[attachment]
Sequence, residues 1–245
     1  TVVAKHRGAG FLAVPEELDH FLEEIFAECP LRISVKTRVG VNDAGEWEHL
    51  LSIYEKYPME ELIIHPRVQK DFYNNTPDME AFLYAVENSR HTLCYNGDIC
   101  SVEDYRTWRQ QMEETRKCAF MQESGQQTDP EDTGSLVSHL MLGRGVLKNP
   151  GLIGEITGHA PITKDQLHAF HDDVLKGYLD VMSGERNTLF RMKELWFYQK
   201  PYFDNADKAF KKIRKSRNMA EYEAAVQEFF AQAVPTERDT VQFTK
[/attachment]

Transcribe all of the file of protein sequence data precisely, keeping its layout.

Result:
Sequence, residues 1–245
     1  TVVAKHRGAG FLAVPEELDH FLEEIFAECP LRISVKTRVG VNDAGEWEHL
    51  LSIYEKYPME ELIIHPRVQK DFYNNTPDME AFLYAVENSR HTLCYNGDIC
   101  SVEDYRTWRQ QMEETRKCAF MQESGQQTDP EDTGSLVSHL MLGRGVLKNP
   151  GLIGEITGHA PITKDQLHAF HDDVLKGYLD VMSGERNTLF RMKELWFYQK
   201  PYFDNADKAF KKIRKSRNMA EYEAAVQEFF AQAVPTERDT VQFTK